10 top resources for Agile beginners
If you’re new to Agile you’re probably awash in a sea of information: competing interpretations; contradictory advice; proposals and critiques of various methodologies/approaches. The following list of resources is our recommended jumping off point for Agile newcomers.
Whether you’re coming at it from a developer’s or project manager’s perspective these 10 resources should give you the basic building blocks you need to start forming your own conception of Agile.
Go straight to the source with the document that started it all. Written by 17 software developers looking to come up with a new approach to lightweight software development, the Manifesto for Agile Software Development simply lays out four values of the new philosophy.
The Agile Manifesto’s brevity has left it open to countless interpretations (see Olaf Lewitz’s blog for one nice example.)
Formed by some of the authors of the Agile Manifesto, the Agile Alliance is a non-profit which promotes and supports Agile software development. They have a great list of resources for Agile aficionados from beginner to expert level.
One of the founders of the Scrum Alliance, Mike Cohn is a giant in the Agile world. His company, Mountain Goat Software, provides a comprehensive array of training courses and learning resources. The website also provides a nice, succinct overview of Agile and Scrum which is a nice bridge between the Manifesto and more technical literature.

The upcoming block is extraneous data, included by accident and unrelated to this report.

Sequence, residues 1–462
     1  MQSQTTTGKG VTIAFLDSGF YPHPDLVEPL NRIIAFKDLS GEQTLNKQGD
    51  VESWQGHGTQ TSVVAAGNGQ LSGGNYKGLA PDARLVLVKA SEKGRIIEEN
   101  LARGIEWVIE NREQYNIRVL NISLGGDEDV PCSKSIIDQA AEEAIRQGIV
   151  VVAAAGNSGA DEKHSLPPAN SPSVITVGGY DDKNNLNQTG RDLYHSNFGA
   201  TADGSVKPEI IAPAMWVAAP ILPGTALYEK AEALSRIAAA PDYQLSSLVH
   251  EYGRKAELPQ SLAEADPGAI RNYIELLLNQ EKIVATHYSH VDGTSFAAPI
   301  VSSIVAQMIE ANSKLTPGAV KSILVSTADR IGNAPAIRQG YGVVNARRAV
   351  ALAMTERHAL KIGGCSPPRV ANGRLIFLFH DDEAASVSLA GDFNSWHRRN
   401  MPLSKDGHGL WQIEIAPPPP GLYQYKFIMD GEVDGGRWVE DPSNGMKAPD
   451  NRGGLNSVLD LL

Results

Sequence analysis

Duarte Vasco is an experienced Agile coach and a prolific blogger on the topic. His posts range from practical advice to discussions of pure theory. The latter are always engrossing and provide a great framework for developing your own take on the Agile philosophy.
Another experienced Agile and Scrum consultant, Roman Pichler is the creator of the Vision Board – which we use all the time at Manifesto for visualising product strategies – and an extensive set of Agile and Scrum resources ranging from presentations to podcasts.
If you’re in search of yet more Agile related accompaniments to your bus journeys then look no further than Agile FM. In this series of interviews conducted by Jochen ‘Joe’ Krebs, the great and good of the Agile world share practices and approaches refined by years of real world experience.
Scrum is a software development framework that adheres to the Agile principles. It was developed by Ken Schwaber and Jeff Sutherland – two of the authors of the Agile Manifesto – and is the framework which we use most often at Manifesto. In this YouTube video of a Google Tech Talk given in 2007, the Scrum creator introduces the core concepts and common implementation issues.
Once you’ve watched the video the next logical step is to jump into the official, and definitive, guide to scrum at scrumguides.org – the site Schwaber set up after leaving the Scrum Alliance (who still provide Certified ScrumMaster accreditation).
Of course Scrum isn’t the only way of working in Agile. Martin Fowler – another Agile Manifesto signatory – provides a rundown of the various flavours (including XP and Crystal) as part of a much more comprehensive essay covering the whys and wherefores of Agile.
As with any learning process, hyperlinks will only take you so far. Sooner or later you’ll come to the point where you need to start bouncing ideas and experiences off other practitioners, project managers or developers. Meetup has a plethora of Agile groups ranging from discipline oriented (like this Agile UX group) to framework specific (like this XP group) meetups.
Just as I was about to hit publish I remembered one more resource that’s potentially very helpful for Agile newcomers and veterans alike – the Agile Skills Project Wiki is a community driven attempt to establish a baseline of skills that Agile developers need.